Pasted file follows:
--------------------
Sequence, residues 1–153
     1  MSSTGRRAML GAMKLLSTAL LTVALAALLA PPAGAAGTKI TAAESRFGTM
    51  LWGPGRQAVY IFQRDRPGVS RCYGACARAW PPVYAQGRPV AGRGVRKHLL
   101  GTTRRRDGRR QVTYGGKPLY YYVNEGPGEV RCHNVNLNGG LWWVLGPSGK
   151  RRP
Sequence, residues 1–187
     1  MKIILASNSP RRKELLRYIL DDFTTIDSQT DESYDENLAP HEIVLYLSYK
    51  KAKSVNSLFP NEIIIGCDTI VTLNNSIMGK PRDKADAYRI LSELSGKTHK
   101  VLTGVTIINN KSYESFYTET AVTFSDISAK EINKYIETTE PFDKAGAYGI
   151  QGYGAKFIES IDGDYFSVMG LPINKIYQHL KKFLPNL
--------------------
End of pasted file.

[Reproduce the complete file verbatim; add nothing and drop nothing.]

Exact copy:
Sequence, residues 1–153
     1  MSSTGRRAML GAMKLLSTAL LTVALAALLA PPAGAAGTKI TAAESRFGTM
    51  LWGPGRQAVY IFQRDRPGVS RCYGACARAW PPVYAQGRPV AGRGVRKHLL
   101  GTTRRRDGRR QVTYGGKPLY YYVNEGPGEV RCHNVNLNGG LWWVLGPSGK
   151  RRP
Sequence, residues 1–187
     1  MKIILASNSP RRKELLRYIL DDFTTIDSQT DESYDENLAP HEIVLYLSYK
    51  KAKSVNSLFP NEIIIGCDTI VTLNNSIMGK PRDKADAYRI LSELSGKTHK
   101  VLTGVTIINN KSYESFYTET AVTFSDISAK EINKYIETTE PFDKAGAYGI
   151  QGYGAKFIES IDGDYFSVMG LPINKIYQHL KKFLPNL